Can Carbonated Water Cause Weight Gain?

  • By: Jan Helge
  • Date: May 26, 2024
  • Time to read: 5 min.

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Can Carbonated Water Cause Weight Gain?

The popularity of carbonated water as a zero-calorie substitute for sugary sodas is growing. It’s the perfect thirst quencher, stomach filler, and hydrator. You might be surprised to learn that this fizzy drink aids in weight loss. Since carbon dioxide in sparkling water has a satiating effect, drinking it can help you feel full with fewer calories. Those on a calorie-restricted diet would do well to swap soda for carbonated water to feel full for longer and cut back on their calorie consumption.

Nutritional Value Of Carbonated Water

Carbonated water has no calories and no added sugars. Some examples of these are seltzer, soda water, and sparkling water. The FDA notes that certain types of sparkling mineral water, like those found in Europe, contain minerals and trace elements that originate in an underground source.

There are typically negligible amounts of copper, zinc, calcium, and sodium across all varieties of carbonated water. In contrast to carbonated beverages, seltzer water contains no calories or nutritional value.

There are some varieties, such as seltzer water, that do not contain any nutrients at all. The way in which carbonation is created is the primary differentiating factor between them. Caution is warranted because many manufacturers produce their products with artificial flavors, citric acid, and additional sugar. Plain carbonated water is your healthiest bet.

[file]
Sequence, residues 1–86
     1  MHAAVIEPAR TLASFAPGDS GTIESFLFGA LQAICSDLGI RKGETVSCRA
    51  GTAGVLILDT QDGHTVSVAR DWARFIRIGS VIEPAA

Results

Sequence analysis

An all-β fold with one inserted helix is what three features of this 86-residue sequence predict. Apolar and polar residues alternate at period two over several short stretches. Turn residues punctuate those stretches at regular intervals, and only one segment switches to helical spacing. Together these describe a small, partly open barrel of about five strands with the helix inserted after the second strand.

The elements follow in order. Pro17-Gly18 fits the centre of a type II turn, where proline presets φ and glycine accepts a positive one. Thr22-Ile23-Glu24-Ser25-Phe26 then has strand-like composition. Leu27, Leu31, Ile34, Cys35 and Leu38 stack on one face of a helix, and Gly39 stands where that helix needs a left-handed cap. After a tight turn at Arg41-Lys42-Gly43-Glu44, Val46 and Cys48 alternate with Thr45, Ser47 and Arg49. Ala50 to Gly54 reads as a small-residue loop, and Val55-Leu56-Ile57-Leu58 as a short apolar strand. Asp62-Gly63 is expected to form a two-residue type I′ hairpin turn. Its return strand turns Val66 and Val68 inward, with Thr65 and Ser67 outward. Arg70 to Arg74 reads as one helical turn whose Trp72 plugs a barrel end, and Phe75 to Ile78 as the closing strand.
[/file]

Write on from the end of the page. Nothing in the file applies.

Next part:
Carbonated Water And Weight Loss

Soda water, also called seltzer water, is a low-calorie substitute for sugary soda since it has no sugar or fat. Meaning that limiting your consumption level to maintain a healthy weight is not needed. Additionally, the carbon dioxide gases in it cause you to feel satiated.

A study conducted in 2012 and published in the Journal of Nutritional Science and Vitaminology looked into the effects of carbonated water on feelings of hunger and the rate at which the heart beats.

Compared to the increase in heart rate seen in women after drinking water alone, the increase in heart rate in women after drinking this drink was significantly higher. After drinking carbonated water for forty minutes, they reported feeling fuller. The study, however, cannot be considered conclusive because there were only 19 women who participated in it.

So far, there is scant evidence linking carbonated water to reduced body fat. The vast majority of research suggests that substituting water for sugary drinks can aid in the fight against obesity. Drinks like seltzer are just carbonated water and have the same effects on hydration and weight as water.

For instance, a study conducted and published in October 2016 in the journal Nutrients found that exchanging one serving of soda or beer for one serving of water could assist with weight loss and reduce the likelihood of becoming obese. According to the findings, beverages with alcoholic and high sugar content have very little to no nutritional value.

The Effect Of Carbonated Water On Metabolic Health